The National Teaching & Learning Forum
© John Wiley & Sons, Inc.
Online ISSN: 2166-3327
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James Rhem, Executive Editor
Having felt a passion for teaching for as long as he can remember, James Rhem, creator and executive editor of The National Teaching & Learning Forum, describes teaching and learning as sacramental acts. He was pursuing post-doctoral studies when the opportunity to have a wider influence on the teaching community opened and he began creating publications on teaching for higher education. After founding four newsletters, including the popular Teaching Professor, he founded The National Teaching & Learning Forum in 1990. Rhem is also active as a speaker, offering a humanities perspectives on teaching.
Editor's Note, Volume 24 Number 5
James Rhem, Executive Editor:
What’s all this talk about metacognition faculty may be asking themselves. In the current issue of The National Teaching and Learning FORUM Lauren Scharff and John Draeger, creators of the listserv “Improve with Metacognition,”take the idea of having students become very conscious of the processes of their learning and extends it to faculty. They offer a series of useful questions to help faculty move from being “reflective teachers” to “metacognitive instructors.”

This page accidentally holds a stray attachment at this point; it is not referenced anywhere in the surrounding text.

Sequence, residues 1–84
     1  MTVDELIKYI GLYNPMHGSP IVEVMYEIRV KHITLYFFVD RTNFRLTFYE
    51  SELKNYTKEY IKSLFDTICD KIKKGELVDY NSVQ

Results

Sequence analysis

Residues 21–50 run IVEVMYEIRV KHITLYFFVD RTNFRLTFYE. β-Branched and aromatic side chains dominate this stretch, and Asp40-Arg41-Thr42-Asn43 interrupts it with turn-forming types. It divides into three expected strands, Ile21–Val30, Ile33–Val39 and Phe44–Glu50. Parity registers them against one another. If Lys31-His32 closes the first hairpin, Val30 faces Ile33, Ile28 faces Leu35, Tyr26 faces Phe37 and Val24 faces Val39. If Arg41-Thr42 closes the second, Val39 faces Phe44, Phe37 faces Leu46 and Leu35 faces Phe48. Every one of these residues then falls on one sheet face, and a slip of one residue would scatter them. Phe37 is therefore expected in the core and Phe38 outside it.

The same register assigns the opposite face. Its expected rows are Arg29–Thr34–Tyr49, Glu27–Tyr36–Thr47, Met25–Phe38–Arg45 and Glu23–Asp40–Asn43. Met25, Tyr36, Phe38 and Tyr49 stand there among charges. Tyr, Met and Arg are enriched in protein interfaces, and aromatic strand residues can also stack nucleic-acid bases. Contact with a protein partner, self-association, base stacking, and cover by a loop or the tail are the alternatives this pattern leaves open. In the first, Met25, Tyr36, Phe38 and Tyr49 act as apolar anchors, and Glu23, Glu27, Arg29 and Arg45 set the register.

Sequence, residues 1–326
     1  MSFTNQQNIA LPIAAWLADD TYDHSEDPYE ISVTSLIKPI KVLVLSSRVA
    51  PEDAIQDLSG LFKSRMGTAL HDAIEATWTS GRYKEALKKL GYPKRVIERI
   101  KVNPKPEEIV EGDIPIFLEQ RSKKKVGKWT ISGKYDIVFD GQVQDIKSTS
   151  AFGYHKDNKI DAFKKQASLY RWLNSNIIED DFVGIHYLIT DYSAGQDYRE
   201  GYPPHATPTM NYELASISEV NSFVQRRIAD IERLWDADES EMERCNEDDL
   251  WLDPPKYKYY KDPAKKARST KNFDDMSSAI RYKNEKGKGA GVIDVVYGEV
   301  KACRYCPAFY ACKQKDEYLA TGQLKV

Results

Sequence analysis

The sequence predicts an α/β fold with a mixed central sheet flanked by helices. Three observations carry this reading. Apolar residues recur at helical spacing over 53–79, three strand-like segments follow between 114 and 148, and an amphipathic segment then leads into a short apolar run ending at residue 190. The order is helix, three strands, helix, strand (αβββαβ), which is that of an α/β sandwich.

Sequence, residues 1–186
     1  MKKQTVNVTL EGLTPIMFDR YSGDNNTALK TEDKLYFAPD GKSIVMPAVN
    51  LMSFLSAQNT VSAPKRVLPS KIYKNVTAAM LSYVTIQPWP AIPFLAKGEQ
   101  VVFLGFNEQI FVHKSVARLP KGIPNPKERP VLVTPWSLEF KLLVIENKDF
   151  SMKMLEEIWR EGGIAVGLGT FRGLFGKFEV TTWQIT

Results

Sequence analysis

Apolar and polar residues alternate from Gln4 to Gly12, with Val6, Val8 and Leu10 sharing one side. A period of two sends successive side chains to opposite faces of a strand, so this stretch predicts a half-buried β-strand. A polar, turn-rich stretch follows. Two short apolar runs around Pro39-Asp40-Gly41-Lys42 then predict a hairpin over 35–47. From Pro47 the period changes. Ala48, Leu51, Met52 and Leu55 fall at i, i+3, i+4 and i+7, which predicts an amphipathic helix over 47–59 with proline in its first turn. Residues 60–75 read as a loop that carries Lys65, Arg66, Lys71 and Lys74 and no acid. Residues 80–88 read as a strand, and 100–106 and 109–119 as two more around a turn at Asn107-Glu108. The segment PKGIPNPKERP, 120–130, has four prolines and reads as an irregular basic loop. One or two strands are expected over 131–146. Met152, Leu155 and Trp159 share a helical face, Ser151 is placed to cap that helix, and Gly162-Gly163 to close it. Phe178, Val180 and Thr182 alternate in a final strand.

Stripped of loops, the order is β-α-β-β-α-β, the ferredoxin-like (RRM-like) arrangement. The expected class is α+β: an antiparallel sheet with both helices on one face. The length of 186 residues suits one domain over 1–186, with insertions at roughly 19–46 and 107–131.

These days, part of being thoughtful about one’s teaching involves understanding the thinking and best practices surrounding “the flipped classroom.” Linda Hodges of the University of Maryland offers a concise primer on this timely topic aimed at improved instruction. I saw these ideas in practice in a large chemistry class at Georgia Southern University in March and understand what all the talk is about much better now. Flipping can be a very good instructional practice.
Speaking of what I saw on the road: this issue of the FORUM contains a brief overview-introduction to a series of reports coming in issues this fall on Phase One of the NTLF Residency Initiative. I’ve spent the last six months visiting campuses across the country for a month each looking at their efforts to support improved teaching. It’s been an exciting and educational half year. Read about it in the issues this fall.
But of course there’s more in this issue. Ed Nuhfer’s DEVELOPER’S DIARY column explores the application of coaching (or as it is also known one-on-one or personalized instruction) to the cultivation of so-called “soft skills.” These dimensions of character building and formation used to be a valued part of education. Nuhfer describes a way to bring them back. Enlightened businesses seem to want them again.
Rounding out the issue, our CREATIVITY CAFÉ columnists delve into the research exploring the idea of “creative types,” and Marilla Svinicki’s AD REM . . . column kicks off a three-part exploration of the challenge of teaching important concepts and having that learning transfer to unfamiliar problems.
As always, there’s lots of food for thought in The National Teaching and Learning FORUM.